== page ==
Detroit Auto Show: Volvo unveils two new versions of S60 sedan

The S60 Inscription is the first Chinese-built Volvo for sale in the U.S. since Volvo was acquired by Geely

It was like a United Nations meeting at the Volvo presentation at Monday’s Detroit Auto Show.

The Swedish brand, owned by a Chinese company, used the American auto show to debut the S60 Inscription and S60 Cross Country, two sedans headed to the U.S. market by this summer. 

The S60 Inscription is notably the first Chinese-built car that Volvo will sell in the U.S. The company was bought from Ford by Chinese company Geely in 2010.

Though Volvo is touting the S60 as built to meet U.S. customers' demands, it’s really repurposing a car that was designed for the Chinese market. The long wheelbase gives rear-seat passengers an extra 3.4-inches of legroom versus the base S60. (The upgrade is one most automakers have made to their sedans to satisfy the demands of Chinese buyers who more often are chauffeured in their cars.)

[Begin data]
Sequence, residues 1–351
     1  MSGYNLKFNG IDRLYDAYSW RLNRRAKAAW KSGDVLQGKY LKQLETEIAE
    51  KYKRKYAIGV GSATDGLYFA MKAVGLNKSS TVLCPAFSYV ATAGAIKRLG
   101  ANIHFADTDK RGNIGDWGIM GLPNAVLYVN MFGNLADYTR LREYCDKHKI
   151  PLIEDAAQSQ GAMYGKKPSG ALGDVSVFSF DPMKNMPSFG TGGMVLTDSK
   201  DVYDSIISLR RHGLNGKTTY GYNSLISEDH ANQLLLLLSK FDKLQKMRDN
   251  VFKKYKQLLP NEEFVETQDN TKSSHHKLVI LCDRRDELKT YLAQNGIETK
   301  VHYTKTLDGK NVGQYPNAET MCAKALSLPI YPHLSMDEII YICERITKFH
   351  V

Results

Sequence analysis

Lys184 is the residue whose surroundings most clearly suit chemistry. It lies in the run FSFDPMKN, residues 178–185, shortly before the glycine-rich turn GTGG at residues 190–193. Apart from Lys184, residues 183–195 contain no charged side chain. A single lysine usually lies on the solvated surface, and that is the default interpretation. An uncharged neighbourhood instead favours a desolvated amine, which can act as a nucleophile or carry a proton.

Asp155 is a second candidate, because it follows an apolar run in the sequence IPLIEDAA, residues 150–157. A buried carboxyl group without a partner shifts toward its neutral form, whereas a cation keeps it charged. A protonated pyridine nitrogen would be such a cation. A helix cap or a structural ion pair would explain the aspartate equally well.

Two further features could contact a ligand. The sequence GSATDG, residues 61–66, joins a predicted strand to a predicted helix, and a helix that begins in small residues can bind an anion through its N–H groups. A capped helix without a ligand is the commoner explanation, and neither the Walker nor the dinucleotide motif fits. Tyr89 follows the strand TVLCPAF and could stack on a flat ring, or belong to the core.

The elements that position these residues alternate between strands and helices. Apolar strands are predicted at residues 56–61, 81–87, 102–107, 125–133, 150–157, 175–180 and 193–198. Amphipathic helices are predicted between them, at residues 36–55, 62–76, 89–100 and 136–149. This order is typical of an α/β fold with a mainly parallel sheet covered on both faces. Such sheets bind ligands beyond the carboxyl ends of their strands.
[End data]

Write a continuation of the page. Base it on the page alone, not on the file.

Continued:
The S60 Inscription will be built in Volvo’s factory in Chengdu, China, which Volvo says “has been built in accordance with globally monitored quality standards.” In addition to the extra legroom, the Inscription upgrade comes with unique walnut and brushed metal trim and 19-inch wheels.

Volvo fans living in snowier climes have the new S60 Cross Country to consider.

This buff sedan is mechanically identical to the V60 Cross Country wagon Volvo introduced at the L.A. Auto Show in November. It rides 2.5-inches higher than your average S60 sedan, and comes with all-wheel-drive and a 250-horsepower inline five-cylinder engine.

Both vehicles will be coming to the U.S. this summer, the S60 Cross Country being available “on a limited basis," Volvo said.

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